Yes, we do see pelvic pain in the ED (a lot of them), and pelvic inflammatory disease is not an uncommon cause of many of those cases. PID is an infection-induced inflammation of the female upper reproductive tract (the endometrium, fallopian tubes, ovaries, or pelvic peritoneum). Many women have clinically silent spread of infection to the upper genital tract, which results in subclinical pelvic inflammatory disease. Pelvic inflammatory disease is a major concern because it can result in long-term reproductive disability, including infertility, ectopic pregnancy, and chronic pelvic pain.
More than 85% of infections are due to sexually transmitted cervical pathogens or bacterial vaginosis–associated microbes, and approximately 15% are due to respiratory or enteric organisms that have colonized the lower genital tract. Ascending infection from the cervix is often due to sexually acquired infections with Neisseria gonorrhoeae or Chlamydia trachomatis. Acute pelvic inflammatory disease has classically been defined by the abrupt onset of severe lower abdominal pain during or shortly after menses, although it is now well recognized that both the onset and severity of symptoms can be more ill-defined and subtle. Atypical, milder clinical manifestations have become more common as rates of N. gonorrhoeae infection have fallen. The symptoms associated with acute pelvic inflammatory disease include pelvic or lower abdominal pain of varying severity, abnormal vaginal discharge, intermenstrual or postcoital bleeding, dyspareunia, and dysuria. Fever can occur, but systemic manifestations are not a prominent feature of pelvic inflammatory disease.
The clinical diagnosis of pelvic inflammatory disease is based on the finding of pelvic organ tenderness, as indicated by cervical motion tenderness, adnexal tenderness, or uterine compression tenderness on bimanual examination, in conjunction with signs of lower genital tract inflammation. Signs of lower genital tract inflammation include cervical mucopus, which is visible as an exudate from the endocervix or as yellow or green mucous on a cotton-tipped swab placed gently into the cervical os (positive “swab test”); cervical friability (easily induced columnar epithelial bleeding); or increased numbers of white cells observed on saline microscopic examination of vaginal secretions (wet mount). All patients with suspected pelvic inflammatory disease should undergo cervical or vaginal nucleic acid amplification tests for N. gonorrhoeae and C. trachomatis infection; if the results are positive, the probability that pelvic inflammatory disease is present increases substantially. Transvaginal ultrasonography and magnetic resonance imaging (MRI) revealing thickened, fluid-filled tubes are timely and highly specific for salpingitis. However, the sensitivity of ultrasonography is only fair, and although MRI has high sensitivity, it is expensive and not typically available in resource-poor settings. Power Doppler studies showing increased fallopian-tube blood flow are highly suggestive of infection.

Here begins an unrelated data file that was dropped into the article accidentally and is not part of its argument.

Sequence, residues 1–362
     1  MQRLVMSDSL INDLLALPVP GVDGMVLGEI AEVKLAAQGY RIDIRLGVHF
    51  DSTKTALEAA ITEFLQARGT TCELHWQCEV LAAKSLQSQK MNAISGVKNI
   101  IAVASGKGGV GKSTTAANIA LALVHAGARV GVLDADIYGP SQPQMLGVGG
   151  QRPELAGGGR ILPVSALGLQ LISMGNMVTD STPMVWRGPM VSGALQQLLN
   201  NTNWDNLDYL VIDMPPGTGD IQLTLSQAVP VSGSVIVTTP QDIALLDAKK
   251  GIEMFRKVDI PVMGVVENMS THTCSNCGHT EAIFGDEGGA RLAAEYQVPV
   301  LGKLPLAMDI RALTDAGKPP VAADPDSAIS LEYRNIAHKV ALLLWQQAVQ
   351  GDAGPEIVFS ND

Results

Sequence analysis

Most patients are successfully treated as outpatients with single-dose intramuscular ceftriaxone, cefoxitin plus probenicid, or another third-generation cephalosporin (cefotaxime or ceftizoxime), followed by oral doxycycline with or without metronidazole for 2 weeks. For hospitalized patients, therapy with cefotetan or cefoxitin (administered parenterally until 24 to 48 hours after clinical improvement) together with doxycycline and followed by doxycycline with or without metronidazole to complete 2 weeks of treatment is recommended. An alternative regimen of clindamycin and an aminoglycoside may be particularly appropriate for patients with a tubo-ovarian abscess. Adjunctive nonsteroidal anti-inflammatory drugs do not improve the clinical outcome. Removal of an intrauterine device (IUD) does not hasten clinical resolution (and may delay it), and in most cases the IUD is left in place.
Although more than 90% of patients with pelvic inflammatory disease will have a clinical response to CDC-recommended treatment, the long-term outcome of treatment is still suboptimal. It remains unclear why the long-term outcome of treated pelvic inflammatory disease remains so dismal, given the high rates of clinical response. Perhaps infection-induced damage to the fallopian tubes has occurred by the time treatment is first given. This observation, together with the frequent occurrence of subclinical pelvic inflammatory disease, have highlighted the importance of recognizing prevention of pelvic inflammatory disease as a major public heath priority. The U.S. Preventive Services Task Force, CDC, and other professional organizations recommend annual C. trachomatis screening for all sexually active women younger than 25 years of age and older women at increased risk for infection (e.g., women with multiple or new sex partners). These groups also recommend testing for N. gonorrhoeae among women at increased risk for infection (e.g., women with multiple sex partners or previous gonorrhea infection and women living in communities with a high prevalence of disease).